A 'Treadmill' Life

“...Physical exercise has some value, but godliness is valuable in every way. It holds promise for the present life and for the life to come.” ~ I Timothy 4:8

If there had been treadmills in the days of the apostle Paul, he probably would have used it here as an analogy. In the context of this passage, Paul is reflecting on false religions that are filled with rituals that have no depth of meaning. They are full of activity that goes nowhere. Sometimes life can seem like we are running on a treadmill and going nowhere. In his devotion “Busyness” Chuck Swindoll likens it to running in a “squirrel cage.”

If we genuinely desire some depth of life (godliness) to emerge, it is essential that we slow down and at times stop before the “to do list” for the day is completed. This will give us time to reflect on life’s meaning and purpose, and upon the One (God) Who gives meaning and purpose to life.

In Solomon’s writing, “Ecclesiastes,” is a reflection on his entire life and this is what he shares about life without God. “Meaningless! Meaningless!”. . . “I thought to myself, ‘Come now, I will test you with pleasure to find out what is good,’ But that also proved to be meaningless.”. . . “I tried cheering myself with wine and embracing folly. . . I denied myself nothing my eyes desired; I refused my heart no pleasure. . . everything was meaningless, a chasing after the wind.”

In all that Solomon permitted himself to try, he found there is no meaning and purpose in anything, work or pleasure, apart from a relationship with God. “Then I realized that it is good and proper for a man to eat and drink and to find satisfaction in his toilsome labor under the sun during the few days of life God has given him. . . when God gives any man wealth and possessions, and enables him to enjoy them, this is a gift from Him . . .”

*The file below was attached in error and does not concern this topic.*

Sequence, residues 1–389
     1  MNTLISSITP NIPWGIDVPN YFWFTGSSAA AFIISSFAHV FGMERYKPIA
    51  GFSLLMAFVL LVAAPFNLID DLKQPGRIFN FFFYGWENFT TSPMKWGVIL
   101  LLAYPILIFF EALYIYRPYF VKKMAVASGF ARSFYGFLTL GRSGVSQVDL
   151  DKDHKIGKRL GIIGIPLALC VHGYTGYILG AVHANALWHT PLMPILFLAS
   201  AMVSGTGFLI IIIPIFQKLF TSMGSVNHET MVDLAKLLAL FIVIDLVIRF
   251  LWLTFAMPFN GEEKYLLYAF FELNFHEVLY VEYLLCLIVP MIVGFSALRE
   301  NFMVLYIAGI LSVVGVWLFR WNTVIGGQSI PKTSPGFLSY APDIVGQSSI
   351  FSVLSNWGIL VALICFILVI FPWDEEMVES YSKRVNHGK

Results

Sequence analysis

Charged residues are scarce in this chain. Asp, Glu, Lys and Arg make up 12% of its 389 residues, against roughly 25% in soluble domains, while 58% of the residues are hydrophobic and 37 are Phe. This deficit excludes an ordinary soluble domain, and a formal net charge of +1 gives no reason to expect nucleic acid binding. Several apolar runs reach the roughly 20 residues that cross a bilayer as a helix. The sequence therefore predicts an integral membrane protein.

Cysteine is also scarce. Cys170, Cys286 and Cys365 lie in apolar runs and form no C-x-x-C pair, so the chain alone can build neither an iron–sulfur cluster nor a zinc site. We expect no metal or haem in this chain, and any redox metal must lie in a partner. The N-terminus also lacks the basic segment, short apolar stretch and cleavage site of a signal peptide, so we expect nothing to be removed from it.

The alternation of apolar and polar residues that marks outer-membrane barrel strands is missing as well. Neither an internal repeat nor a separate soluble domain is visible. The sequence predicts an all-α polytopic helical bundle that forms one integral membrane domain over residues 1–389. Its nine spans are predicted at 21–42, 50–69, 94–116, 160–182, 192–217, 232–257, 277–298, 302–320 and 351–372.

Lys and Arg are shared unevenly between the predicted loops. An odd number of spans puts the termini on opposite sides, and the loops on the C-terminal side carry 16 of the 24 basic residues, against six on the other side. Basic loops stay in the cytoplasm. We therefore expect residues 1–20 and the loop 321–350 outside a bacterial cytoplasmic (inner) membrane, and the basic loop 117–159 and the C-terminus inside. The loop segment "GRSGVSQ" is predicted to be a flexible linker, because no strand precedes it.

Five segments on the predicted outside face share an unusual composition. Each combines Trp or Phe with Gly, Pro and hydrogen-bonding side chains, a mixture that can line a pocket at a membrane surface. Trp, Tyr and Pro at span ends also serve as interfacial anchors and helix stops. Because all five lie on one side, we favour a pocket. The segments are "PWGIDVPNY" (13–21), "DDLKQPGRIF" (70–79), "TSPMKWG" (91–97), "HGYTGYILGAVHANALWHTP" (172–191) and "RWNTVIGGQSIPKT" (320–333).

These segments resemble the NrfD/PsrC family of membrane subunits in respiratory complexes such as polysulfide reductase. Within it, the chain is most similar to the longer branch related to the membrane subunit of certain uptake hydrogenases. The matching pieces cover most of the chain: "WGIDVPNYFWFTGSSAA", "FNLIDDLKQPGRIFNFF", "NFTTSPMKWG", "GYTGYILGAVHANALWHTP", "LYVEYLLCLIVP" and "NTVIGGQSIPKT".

Someone has said, “Much of our activity these days is nothing more than a cheap anesthetic to deaden the pain of an empty life.” Busyness robs us and hurts our relationships. We become so busy that we have little time for God, family, and friends. We must first admit that we are too busy, then refuse every possible activity which isn’t absolutely necessary.

It’s not “things” but “persons” that make life rich and meaningful to us. But, we spend most of out time acquiring and possessing “things.” A rich and meaningful life begins with a relationship with God by faith in Christ Jesus. King David said, “You, God, are my God, earnestly I seek You. I thirst for You, my whole being longs for You in a dry and parched land where there is no water.” (Psalm 63:1 – NIV)

The family is the backbone of a nation and every individual is a member of a family of some kind. It is important to be as good a member of that family as possible, so to do things that make other members of the family happy, and feel important, we must not be too busy to spend time with them.

Jesus associated with all kinds of people and took time to be with them. As Christians we have the ability and power to be a good influence, so we should take time to use it in this way. God’s values, as our values, can become our friends values, if we take time to associate with them and share with them our faith in Christ Jesus.

Reflections: Ask yourself, “Do I give God significant time on a daily basis?”

Talk to your family and friends and ask them, “Am I too busy, rushing about in too many activities?” If true, what should you eliminate?